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Are There Kata or Forms to Learn in CSFS?

Posted by James Smith on Monday, January 16, 2012,

Are there “kata” or forms to learn in CSFS?

 

No, there are no sets of 38 or 108 kata/forms or even 5 Fist Sets like in more traditional styles of martial arts. Why not? Here is an example:

 

In White Lotus Kenpo (and Kenpo is a very good MA btw) there is a form called “Thunder and Earth”. The attack is a straight arm choke or grab while the defense is to clap your hands together (thunder!) as you thrust your arms up (heaven!) in a triangle shape to free yourself of the att...


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How To Make A Chinese Wand For Travel

Posted by James Smith on Sunday, October 30, 2011,

At 48"-50" the Chinese Wand can be a bit large for traveling but I have found a cheap and easy way of making a take-down model.

You will need:

A length of 3/4" dia. PVC conduit pipe with connector end (I use the Carlon brand as that is what the local hardware store sells)
2 1" Vinyl Leg Tips (I get mine from Walmart and they are sold in a four pack)
A saw (The finer the teeth the smoother the cut)
A mitre box (not required but ensures a straight cut

How to make it:

One end of the conduit pipe will h...


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The truth about the use of the "cudgel" in old books.

Posted by James Smith on Saturday, August 20, 2011,

A Little Word History: The use of the word "cudgel" does not always mean "Shillelagh" in historical books as some writers have stated. It is rather an English term for a heavy stick or a club used with the purpose of hitting. It is therefore a culturally neutral term used by English authors. Today we would more often use the terms "stick" or "club" rather than "cudgel". An old English author would often use the term "cudgel" to mean any stick that a person was using for striking regardless of...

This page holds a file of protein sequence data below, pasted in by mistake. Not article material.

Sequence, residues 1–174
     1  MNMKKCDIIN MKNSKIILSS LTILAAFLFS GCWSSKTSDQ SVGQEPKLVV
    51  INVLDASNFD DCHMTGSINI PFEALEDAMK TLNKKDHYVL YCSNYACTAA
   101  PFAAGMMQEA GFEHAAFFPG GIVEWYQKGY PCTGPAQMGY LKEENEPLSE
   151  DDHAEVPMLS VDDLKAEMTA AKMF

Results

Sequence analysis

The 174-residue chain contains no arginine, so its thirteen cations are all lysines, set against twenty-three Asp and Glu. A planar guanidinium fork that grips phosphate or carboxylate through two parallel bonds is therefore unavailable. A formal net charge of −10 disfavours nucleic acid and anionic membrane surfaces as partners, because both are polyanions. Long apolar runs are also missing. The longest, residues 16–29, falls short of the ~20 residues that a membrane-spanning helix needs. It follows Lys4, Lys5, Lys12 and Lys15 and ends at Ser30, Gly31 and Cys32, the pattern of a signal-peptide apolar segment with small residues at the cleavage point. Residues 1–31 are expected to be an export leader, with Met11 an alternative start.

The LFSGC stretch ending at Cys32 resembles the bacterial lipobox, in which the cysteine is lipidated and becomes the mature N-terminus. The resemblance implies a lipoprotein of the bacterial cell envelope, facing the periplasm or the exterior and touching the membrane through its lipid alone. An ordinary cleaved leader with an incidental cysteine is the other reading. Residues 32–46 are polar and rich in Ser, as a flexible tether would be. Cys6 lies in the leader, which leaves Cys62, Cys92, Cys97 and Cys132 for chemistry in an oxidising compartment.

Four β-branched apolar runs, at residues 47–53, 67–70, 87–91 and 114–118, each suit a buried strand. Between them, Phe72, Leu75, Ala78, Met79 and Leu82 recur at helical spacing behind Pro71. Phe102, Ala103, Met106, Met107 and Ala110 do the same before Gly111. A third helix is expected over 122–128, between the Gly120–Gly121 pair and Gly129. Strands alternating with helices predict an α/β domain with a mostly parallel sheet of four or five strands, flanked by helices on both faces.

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The Stick Weapons of CSFS

Posted by James Smith on Friday, August 12, 2011,

There seems to be some misunderstanding as to the weapons we use when people see our photos: "Is that a Shillelagh?", "Is that a Filipino stick?"...Yes and no to both and so much more. So today's blog should clear up some of the questions.

Walking Stick

Our main weapon is the 3' walking stick (actual size depends on the height of the user and/or personal preference, for example at 5' 10" a 2 foot stick would have me bent over like the Hunchback of Notre-Dame and therefore be very ineffective as...


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Training For Life

Posted by James Smith on Monday, January 24, 2011,

At our last class we had a new student join us who had experience in Capoeira; while this Afro-Brazilian art with it's hand-standing spinning kicks and dance movements may seem at first to be quite different than the weapon based* stand up stick fighting we do at CSFS, it was actually quite fun to share the similarities between the two arts with this new student. And therein is one of the "secrets" of the martial arts: a new student is not necessary a new martial artist.

However, one of our sp...


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Never Stop Learning

Posted by James Smith on Friday, November 26, 2010,

I have trained in Yoshin Ryu Jujutsu but in such a way that traditional and modern techniques were blended together to allow for effective self-defense against modern attackers who may not be using the same style as you are. Although I do admire the old techniques and the history behind them, I try to focus most of my limited time training on those techniques that will work with the common attacks we read about in the media and see on the news.

Up to now I've been aware of many other martial a...


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The Tai Chi-Jujutsu Connection

Posted by James Smith on Friday, November 12, 2010,